Healthcare is no longer just about curing ailing patients. Medicine requires securing your patient’s Protected Health Information (PHI).
Even though HIPAA has been around since 1996, last year the industry averaged a breach a day, affecting 27,314,647 patient records. (Protenus) Even with millions of dollars paid in fines (in February, a Miami, Florida non-profit paid $5.5 million to settle a HIPAA case and a Dallas-area hospital paid a $3.2 million HIPAA penalty according to MSPmentor report), most medical practices don’t know what to do when it comes to securing their PHI and we regularly see these 3 cybersecurity mistakes at medical practices.
3 Biggest Cybersecurity Mistakes Medical Practices Make
- Unsecure Mobile Devices – Many medical practices utilize tablets when seeing patients because it is easier and more economical than adding computers to each patient room. Even with traditional workstations, like towers and laptops, most doctors and staff access patient data via their smartphone – these phones need to require a passcode to access.
Without a passcode, whenever the phone is not in the doctor’s possession, like leaving it in a taxi, at the restaurant, or elsewhere, that can be considered a data breach. Also, medical practices should not use a universal username and password for each device and internet login.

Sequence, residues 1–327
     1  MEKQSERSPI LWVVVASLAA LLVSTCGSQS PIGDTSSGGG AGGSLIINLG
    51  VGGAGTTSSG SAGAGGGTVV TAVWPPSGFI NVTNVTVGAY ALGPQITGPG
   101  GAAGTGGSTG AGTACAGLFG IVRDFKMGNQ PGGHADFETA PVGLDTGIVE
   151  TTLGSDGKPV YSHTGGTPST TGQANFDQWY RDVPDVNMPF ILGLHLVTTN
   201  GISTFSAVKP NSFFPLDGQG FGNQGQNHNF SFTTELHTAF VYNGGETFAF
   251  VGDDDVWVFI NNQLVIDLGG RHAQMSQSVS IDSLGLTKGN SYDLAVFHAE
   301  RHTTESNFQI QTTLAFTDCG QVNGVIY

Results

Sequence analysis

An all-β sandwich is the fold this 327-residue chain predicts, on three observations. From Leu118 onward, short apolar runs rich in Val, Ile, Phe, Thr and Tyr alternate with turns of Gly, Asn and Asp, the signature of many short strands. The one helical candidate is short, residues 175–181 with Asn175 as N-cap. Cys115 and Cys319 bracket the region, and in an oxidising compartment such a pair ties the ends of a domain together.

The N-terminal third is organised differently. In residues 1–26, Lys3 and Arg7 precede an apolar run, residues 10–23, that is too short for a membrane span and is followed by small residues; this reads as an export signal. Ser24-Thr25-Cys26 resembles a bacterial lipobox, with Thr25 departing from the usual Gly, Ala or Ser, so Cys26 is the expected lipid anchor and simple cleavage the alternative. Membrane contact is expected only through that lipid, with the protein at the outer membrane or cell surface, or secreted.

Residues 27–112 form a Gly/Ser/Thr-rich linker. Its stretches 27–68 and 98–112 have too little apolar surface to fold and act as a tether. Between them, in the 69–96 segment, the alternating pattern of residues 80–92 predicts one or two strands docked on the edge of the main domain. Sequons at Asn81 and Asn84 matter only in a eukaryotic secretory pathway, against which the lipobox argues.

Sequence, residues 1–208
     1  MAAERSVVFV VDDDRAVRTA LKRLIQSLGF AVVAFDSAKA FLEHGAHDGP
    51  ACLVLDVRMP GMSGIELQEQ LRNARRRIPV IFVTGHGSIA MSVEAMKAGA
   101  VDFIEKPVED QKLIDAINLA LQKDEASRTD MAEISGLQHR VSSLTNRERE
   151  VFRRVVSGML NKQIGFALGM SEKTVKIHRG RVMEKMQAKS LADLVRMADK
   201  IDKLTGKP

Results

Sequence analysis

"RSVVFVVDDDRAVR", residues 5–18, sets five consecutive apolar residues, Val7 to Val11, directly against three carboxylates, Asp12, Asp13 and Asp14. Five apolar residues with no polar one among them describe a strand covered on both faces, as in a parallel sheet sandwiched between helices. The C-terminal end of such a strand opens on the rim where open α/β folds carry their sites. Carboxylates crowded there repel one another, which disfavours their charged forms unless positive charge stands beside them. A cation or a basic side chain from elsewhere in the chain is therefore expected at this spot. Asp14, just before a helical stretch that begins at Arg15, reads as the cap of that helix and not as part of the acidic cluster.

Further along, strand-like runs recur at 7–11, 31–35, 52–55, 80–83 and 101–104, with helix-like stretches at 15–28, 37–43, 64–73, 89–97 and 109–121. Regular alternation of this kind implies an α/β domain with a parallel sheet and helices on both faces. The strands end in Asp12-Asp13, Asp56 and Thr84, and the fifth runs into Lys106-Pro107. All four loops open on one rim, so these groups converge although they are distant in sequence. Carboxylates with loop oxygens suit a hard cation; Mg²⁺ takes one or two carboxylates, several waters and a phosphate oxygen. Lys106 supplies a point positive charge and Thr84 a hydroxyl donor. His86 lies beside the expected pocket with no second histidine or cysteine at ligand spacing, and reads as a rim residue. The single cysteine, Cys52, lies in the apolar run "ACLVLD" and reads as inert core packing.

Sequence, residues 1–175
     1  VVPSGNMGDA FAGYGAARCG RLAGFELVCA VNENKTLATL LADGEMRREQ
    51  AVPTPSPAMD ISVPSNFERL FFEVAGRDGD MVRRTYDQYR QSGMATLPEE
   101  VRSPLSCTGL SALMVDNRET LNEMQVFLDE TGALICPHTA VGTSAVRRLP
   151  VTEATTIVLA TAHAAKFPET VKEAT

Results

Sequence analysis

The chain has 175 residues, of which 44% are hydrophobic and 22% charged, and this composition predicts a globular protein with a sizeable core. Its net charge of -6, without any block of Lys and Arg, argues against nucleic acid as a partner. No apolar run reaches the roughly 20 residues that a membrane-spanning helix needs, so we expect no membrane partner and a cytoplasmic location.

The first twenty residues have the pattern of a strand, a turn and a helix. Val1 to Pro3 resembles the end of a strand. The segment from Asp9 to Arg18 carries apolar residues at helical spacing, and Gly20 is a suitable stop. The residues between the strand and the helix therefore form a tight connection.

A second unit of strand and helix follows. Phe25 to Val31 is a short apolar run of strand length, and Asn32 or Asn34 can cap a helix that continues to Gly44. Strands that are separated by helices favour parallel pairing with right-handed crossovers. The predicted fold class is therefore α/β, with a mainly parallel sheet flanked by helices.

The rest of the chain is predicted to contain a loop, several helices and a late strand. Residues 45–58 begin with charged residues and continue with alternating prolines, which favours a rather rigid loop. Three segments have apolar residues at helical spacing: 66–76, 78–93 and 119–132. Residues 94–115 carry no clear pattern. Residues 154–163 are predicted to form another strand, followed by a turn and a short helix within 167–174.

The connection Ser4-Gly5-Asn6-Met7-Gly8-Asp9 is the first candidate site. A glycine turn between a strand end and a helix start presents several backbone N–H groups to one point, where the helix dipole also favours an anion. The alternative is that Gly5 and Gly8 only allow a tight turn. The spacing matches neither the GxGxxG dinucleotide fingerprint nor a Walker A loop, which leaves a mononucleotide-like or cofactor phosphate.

- Not Protecting Physical Assets - You can further protect your data and minimize the risk of a breach by encrypting the hard drives on all devices, including tower workstations because hackers have stolen physical computers. This instance happened in March at LSU Research.
Besides encrypting hard drives, best practices include securing your server in a locked room and shredding your hard drives when you decommission them.
- Unsecure Communications With Patients – HIPAA requires secure communications when sending PHI outside of your network, whether it be to a consulting physician, hospital, or to the patients themselves. This communication includes email, text, and messaging.
One of the biggest reasons why medical practices make so many correctable cybersecurity mistakes is that no one on staff understands cybersecurity and they use a jack-of-all-trades “IT guy” that is always reactive and doesn’t keep up with industry changes, forcing his clients to not be HIPAA compliant. A good IT firm will help you to secure your network and be HIPAA compliant, which starts with signing a Business Associate Agreement with your IT firm.